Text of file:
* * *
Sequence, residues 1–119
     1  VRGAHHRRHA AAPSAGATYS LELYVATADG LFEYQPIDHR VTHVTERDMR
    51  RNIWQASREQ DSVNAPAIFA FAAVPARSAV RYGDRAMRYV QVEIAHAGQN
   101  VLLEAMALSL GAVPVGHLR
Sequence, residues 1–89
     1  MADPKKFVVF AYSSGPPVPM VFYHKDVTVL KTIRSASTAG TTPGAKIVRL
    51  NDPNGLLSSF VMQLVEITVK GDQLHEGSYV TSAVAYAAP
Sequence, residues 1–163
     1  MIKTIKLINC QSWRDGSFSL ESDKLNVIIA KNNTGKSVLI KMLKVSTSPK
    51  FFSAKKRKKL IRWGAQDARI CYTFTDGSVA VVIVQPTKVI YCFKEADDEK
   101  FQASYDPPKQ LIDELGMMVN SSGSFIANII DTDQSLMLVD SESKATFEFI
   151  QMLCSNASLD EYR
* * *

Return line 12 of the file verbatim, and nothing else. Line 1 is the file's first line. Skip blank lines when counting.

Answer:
   151  QMLCSNASLD EYR